Troy Dumais and Kristian Ipsen win synchronized diving bronze for U.S.
By Rick Maese,
LONDON – The two American divers bounced on the springboards just like all the others had before them. They flipped and twisted in air, resembling Transformers more than athletes. But when Troy Dumais and Kristian Ipsen poked their heads out of the water, they were something else entirely: Olympics medallists.
Dumais knows exactly what that title means. He’s spent more than a quarter of his life being called a mere Olympian. He’d competed in the Olympics in Barcelona, Athens and Beijing, each time returning to his Ventura, Calif., home empty-handed. Turns out, the fourth time was the charm.
Dumais, 32, and his 19-year old partner won bronze in the men’s synchronized three-meter springboard Wednesday, marking the third time this week U.S. diving has captured a medal. It’s a remarkable turnaround for a diving team that hadn’t won a single medal since the 2000 Games.
Dumais had spent years carrying the heavy weight of expectations. When he let that go – a process that admittedly took three Olympic appearances -- he finally found his way to the podium.
“I put so much pressure on myself to actually do, that I didn’t,” he said. “My goal coming into this Olympics was enjoy the moment, have fun.
“I’ve dealt with so many people . . . that didn’t get what they wanted, whether it was in business or their athletic lives, and they’re still succeeding,” Dumais said. “So it really humbled me to the point where a medal would’ve been great -- I wanted to medal -- but it wasn’t the end-all.”
In fact, it was Ipsen, a first-time Olympian, who felt more burdened by Dumais’s lack of a medal. Ipsen was just 7 years old, glued to the television, when Dumais first dove at the Summer Games 12 years ago. Years later Ipsen was starstruck when he first met the veteran diver and says teaming with Dumais still feels “surreal.”
At lunch before Wednesday’s final, Dumais had to help settle Ipsen’s nerves.
“I was nervous,” the younger diver said. “It felt like extra pressure on me, knowing that he hadn’t had this medal.”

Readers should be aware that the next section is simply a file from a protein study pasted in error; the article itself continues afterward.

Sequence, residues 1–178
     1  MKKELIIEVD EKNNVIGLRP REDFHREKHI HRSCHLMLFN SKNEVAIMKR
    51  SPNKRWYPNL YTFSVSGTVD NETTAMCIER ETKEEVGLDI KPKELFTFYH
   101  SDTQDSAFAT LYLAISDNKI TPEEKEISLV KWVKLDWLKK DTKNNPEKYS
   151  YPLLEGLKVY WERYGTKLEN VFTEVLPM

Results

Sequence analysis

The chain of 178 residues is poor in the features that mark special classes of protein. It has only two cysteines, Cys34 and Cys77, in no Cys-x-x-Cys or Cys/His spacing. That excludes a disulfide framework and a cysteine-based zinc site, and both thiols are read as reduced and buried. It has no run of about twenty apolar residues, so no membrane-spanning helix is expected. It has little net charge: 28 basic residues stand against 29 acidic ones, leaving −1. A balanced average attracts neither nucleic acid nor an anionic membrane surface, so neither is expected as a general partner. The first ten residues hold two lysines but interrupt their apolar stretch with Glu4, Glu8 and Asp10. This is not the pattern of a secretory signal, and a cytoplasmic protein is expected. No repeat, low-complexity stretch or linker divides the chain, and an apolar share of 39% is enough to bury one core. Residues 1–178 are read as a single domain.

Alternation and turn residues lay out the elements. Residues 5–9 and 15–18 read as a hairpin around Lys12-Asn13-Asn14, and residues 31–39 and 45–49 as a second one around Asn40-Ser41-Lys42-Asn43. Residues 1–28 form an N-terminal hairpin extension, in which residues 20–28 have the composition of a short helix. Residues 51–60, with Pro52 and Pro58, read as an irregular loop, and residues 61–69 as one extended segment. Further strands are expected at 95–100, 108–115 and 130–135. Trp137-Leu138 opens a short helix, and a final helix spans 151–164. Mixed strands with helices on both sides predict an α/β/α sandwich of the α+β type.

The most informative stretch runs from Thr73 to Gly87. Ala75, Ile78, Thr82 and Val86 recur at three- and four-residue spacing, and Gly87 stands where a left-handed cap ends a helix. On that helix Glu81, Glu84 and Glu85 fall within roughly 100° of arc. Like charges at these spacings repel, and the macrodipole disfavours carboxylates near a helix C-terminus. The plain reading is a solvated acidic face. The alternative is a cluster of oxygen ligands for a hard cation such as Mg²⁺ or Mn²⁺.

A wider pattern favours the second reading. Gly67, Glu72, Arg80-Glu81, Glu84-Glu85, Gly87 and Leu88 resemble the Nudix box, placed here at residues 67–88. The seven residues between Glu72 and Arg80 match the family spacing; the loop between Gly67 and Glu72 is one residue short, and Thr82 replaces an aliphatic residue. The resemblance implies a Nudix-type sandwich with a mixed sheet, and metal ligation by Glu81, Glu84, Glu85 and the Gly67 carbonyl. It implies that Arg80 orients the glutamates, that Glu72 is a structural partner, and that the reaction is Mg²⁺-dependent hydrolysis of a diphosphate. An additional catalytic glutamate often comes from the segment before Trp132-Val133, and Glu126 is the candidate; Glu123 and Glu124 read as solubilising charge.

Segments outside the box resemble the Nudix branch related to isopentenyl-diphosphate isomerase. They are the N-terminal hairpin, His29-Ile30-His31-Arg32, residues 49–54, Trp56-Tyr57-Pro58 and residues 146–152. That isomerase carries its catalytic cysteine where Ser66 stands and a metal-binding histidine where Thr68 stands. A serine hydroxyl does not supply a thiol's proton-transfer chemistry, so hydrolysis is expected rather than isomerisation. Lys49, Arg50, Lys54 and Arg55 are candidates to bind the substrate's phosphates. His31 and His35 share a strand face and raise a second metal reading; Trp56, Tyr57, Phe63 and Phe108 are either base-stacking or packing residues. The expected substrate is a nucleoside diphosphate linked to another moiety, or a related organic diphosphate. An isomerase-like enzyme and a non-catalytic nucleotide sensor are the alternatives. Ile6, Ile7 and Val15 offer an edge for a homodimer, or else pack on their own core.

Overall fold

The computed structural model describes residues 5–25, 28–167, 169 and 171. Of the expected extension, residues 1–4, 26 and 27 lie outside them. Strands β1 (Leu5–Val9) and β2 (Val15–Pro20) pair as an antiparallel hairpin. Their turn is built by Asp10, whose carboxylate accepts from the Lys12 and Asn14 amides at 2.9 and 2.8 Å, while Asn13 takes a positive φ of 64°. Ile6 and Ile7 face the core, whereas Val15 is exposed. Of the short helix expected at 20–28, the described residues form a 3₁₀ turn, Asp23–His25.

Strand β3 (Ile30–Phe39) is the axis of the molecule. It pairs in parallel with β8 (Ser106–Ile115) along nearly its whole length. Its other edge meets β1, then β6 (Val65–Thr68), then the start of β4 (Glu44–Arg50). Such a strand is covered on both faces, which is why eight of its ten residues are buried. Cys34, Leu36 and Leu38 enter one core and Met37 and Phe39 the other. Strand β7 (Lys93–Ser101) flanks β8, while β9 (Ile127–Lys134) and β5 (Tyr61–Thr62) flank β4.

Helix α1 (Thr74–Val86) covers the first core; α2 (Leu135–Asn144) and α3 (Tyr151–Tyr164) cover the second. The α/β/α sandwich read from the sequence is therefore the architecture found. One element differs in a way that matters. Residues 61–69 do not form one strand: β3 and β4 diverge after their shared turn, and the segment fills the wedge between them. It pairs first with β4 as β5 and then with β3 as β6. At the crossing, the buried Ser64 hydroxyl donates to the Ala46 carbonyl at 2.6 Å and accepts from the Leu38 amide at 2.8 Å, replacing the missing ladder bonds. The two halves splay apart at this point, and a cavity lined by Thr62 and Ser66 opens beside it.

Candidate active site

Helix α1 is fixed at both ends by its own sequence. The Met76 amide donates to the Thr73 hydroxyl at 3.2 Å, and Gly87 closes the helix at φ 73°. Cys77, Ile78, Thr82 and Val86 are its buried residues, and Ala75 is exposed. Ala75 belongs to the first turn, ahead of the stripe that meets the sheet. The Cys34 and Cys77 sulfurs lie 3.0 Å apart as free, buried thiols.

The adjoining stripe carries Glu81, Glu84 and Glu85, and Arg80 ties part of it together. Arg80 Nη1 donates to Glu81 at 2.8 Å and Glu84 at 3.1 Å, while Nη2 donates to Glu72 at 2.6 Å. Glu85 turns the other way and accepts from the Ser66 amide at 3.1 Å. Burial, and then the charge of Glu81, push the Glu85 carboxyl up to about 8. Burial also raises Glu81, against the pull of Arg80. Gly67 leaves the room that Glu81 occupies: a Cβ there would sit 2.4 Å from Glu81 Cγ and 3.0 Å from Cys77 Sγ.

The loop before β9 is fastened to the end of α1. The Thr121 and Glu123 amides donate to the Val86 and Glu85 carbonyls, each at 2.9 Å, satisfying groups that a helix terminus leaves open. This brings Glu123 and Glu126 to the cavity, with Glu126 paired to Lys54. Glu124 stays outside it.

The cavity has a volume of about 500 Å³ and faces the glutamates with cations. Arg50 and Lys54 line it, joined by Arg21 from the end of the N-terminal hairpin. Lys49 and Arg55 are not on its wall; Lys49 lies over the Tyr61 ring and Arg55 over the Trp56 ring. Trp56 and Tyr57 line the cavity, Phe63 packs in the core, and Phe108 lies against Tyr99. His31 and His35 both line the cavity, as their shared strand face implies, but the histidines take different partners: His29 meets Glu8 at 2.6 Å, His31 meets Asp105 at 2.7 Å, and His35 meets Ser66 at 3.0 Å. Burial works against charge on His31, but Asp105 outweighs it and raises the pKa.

The U.S. duo finished Wednesday's competition with a score of 446.70, 30.3 points behind China’s gold medalists, Luo Yutong and Qin Kai. It was the Americans’ fourth dive that pushed them over the top. A reverse 2 ½ somersaults with 1 ½ twists is essentially a blur of spinning flesh.
It had been the trickiest dive for the pair. Last year Dumais scraped his back on the board. He still has the scars. But they nailed it Wednesday, marking their highest score of the competition.
“I am so proud of him for not giving up,” said Matt Scoggin, Dumais’s long-time coach. “A lot of people not medalling in their second Olympics or third Olympics might have hung up their Speedo. He still had the drive left in him when other people told him it was time to retire.”
Until this week, Dumais’s Olympic career had mirrored the struggles of U.S. Diving. But the medal drought was snapped Monday when Kelci Bryant and Abby Johnston won the women’s synchronized three-meter springboard. Then on Monday David Boudia and Nick McCrory took bronze in the men’s synchronized 10-meter. And by time Dumais and Ipsen hit the board Wednesday, the U.S. team had turned a page.
“It’s a beginning,” Dumais said. “A lot of people have said, ‘well, we don’t really have to worry about U.S. diving any more.’ …These last three days of competition has been a great beginning. To the point where other countries better keep their eye out. We have talent and it goes deeper than most countries.”
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